Document Type


Publication Date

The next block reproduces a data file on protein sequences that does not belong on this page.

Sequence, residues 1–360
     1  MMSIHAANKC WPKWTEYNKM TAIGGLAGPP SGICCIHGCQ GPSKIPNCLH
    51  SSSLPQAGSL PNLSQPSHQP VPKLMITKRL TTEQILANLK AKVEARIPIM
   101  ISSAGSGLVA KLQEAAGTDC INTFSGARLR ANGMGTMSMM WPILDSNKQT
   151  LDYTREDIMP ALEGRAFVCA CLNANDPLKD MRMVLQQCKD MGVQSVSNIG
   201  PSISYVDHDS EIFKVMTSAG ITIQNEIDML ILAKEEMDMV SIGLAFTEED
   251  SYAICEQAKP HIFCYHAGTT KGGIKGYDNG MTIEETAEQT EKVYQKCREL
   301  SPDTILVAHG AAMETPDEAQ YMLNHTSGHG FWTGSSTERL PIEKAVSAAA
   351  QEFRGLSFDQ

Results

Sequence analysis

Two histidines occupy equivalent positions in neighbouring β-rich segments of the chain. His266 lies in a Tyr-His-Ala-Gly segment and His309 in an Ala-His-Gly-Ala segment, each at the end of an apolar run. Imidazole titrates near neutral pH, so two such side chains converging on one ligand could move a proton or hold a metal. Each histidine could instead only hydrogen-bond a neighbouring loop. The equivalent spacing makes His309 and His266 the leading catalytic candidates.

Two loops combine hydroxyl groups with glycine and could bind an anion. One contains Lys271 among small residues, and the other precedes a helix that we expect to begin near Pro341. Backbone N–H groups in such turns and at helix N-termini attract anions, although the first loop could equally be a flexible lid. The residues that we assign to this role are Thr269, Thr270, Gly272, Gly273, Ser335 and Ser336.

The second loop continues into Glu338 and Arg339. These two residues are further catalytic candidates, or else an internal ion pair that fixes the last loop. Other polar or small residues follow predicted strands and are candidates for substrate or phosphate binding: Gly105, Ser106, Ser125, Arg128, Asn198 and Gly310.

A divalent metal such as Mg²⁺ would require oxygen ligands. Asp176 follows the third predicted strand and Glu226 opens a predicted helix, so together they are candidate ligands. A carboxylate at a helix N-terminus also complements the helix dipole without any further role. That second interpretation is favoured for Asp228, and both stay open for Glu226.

The Florida Mental Health Institute is responsible for conducting the independent evaluation of the Florida Prepaid Medicaid Mental Health Plan Demonstration currently being implemented in the Florida Agency for Health Care Administration (AHCA) Area 6 (Tampa Bay area). There are several components[IZ2] to the evaluation designed to comprehensively assess system level effects of the demonstration as well as recipient/member level effects. The Quantitative Component of the evaluation is involved primarily with compiling, integrating and analyzing the administrative databases (e.g., claims, encounter and eligibility data sets) associated with running and managing the Medicaid mental health system in Florida. Using primarily a cross-sectional design, the analyses conducted in this Quantitative Component provide data plotted over time to examine the impact of changes in the managed care landscape in both the demonstration Area (Area 6[IZ3] – Tampa Bay area), and the comparison Area (Area 4 – Jacksonville area). The information details changes in the systems level service use among Medicaid recipients over a period of three years, using enrollment and claims level data, from March 1, 1994 to February 28, 1997 (two years prior to implementation of the demonstration and one year following initial implementation). It is not anticipated that many changes in the service levels will be reflected in the data at this time. Changes are more like to be detected in the second and third years of implementation, which will be examined at a later date. The original design of this study was to examine differences between the MediPass and HMO financing conditions in both Areas 4 and 6 among AFDC and SSI eligibles. However, since the initial conceptualization, two major changes have affected the design. First, we were asked to include an examination of the General Eligibility fee for service condition as well, given that there are a number of recipients (proportion unknown) in this category who will eventually enroll in either MediPass or an HMO. There are several caveats that are presented in Section 2.3 that addresses this issue further. Second, there were difficulties obtaining encounter data from some of the HMOs, and of the data that we did receive, much of it was unusable for the types of analyses necessary in this study. Because of this HMOs were not included in the utilization and cost analyses. These two changes altered our design, and ultimately the findings that we are able to provide to the State at this time.